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Quie'tus, Q. Lu'sius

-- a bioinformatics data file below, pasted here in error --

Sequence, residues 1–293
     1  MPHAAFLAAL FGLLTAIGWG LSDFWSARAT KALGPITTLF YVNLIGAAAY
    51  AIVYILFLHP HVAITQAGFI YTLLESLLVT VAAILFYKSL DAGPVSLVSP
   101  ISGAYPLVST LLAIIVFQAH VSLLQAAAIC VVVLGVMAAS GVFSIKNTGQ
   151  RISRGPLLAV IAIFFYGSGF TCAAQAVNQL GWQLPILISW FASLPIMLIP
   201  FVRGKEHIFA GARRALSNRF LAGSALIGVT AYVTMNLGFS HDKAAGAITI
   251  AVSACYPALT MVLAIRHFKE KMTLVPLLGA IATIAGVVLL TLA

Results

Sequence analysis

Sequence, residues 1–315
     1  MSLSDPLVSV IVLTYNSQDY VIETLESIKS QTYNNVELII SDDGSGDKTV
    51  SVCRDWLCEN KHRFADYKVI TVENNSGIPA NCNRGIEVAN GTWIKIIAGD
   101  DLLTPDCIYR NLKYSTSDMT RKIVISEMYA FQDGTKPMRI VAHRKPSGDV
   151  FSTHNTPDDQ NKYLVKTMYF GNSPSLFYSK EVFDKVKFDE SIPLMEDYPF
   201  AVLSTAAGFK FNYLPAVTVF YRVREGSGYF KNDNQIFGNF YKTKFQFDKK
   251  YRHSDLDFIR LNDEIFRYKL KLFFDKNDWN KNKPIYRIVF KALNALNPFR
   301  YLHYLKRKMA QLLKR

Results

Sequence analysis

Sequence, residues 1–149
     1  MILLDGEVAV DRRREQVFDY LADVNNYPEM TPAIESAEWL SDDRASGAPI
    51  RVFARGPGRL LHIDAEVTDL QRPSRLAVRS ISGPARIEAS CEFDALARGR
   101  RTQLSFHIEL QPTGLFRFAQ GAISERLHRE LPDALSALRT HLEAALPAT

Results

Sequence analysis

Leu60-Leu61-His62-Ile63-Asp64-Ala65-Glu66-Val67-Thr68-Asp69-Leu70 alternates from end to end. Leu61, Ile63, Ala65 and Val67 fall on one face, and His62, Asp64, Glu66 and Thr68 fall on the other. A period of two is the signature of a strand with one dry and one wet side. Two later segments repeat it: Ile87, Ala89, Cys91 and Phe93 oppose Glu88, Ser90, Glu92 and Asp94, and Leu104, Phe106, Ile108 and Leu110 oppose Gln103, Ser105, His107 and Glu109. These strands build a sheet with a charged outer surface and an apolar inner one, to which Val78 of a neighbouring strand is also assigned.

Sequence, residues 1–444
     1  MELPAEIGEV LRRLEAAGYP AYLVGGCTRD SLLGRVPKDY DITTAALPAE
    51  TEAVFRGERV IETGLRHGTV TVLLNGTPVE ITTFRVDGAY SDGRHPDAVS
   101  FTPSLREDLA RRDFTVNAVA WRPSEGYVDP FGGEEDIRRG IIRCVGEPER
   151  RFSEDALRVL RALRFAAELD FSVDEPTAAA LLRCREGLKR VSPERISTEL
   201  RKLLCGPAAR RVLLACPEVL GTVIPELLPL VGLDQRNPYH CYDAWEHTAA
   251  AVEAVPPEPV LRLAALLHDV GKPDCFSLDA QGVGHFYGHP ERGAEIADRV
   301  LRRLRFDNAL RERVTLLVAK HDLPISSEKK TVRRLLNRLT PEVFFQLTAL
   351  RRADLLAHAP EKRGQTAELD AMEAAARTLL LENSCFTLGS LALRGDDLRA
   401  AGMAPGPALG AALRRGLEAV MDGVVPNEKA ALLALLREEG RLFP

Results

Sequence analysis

was an independent Moorish chief, not belonging to the Roman province of Mauritania. He served, however, with a body of Moorish cavalry in the Roman army, but in consequence of some offence which he had committed, he was dismissed from the service with disgrace. At a later time, A. D. 101, when Trajan was going to carry on war against the Dacians, and was in want of Moorish cavalry, Quietus offered his services again of his own accord, and was received with welcome by the emperor. In this war, and still more in the Parthian war, which began in A. D. 114, Quietus gained great distinction, and became one of the favourite generals of Trajan. He took the towns of Nisibis and Edessa, and subdued the Jews, against whom he had been sent. Trajan made him governor of Judaea, and rewarded him still further by raising him to the consulship in A. D. 116 or 117. His name does not appear in the Fasti, and he must, therefore, have been only one of the consules suffecti for the year. The honours conferred upon him by Trajan excited much envy; but so great a favourite was he with the emperor, that there was a report, if we may believe Themistius, that Trajan destined him as his successor. Quietus is represented on Trajan's column at the head of his Moors. After Trajan's death he returned to his native country, but he was suspected by Hadrian of fomenting the disturbances which then prevailed in Mauritania. He was first deprived of the tribes whom he governed, and was then summoned to Rome. There he was accused of entering into a conspiracy against Hadrian's life, and was murdered on a journey, probably while travelling from Mauritania to Rome. (D. C. 68.8, 22, 30, 32, 69.2; Themistius, Orat. xvi. p. 205, ed. Petavius, Paris, 1684; Euseb. Hist. Eccl. 4.2, with the note of Valesius; Spartian. Hodr. 5, 7; Amm. Marc. 29.5.)

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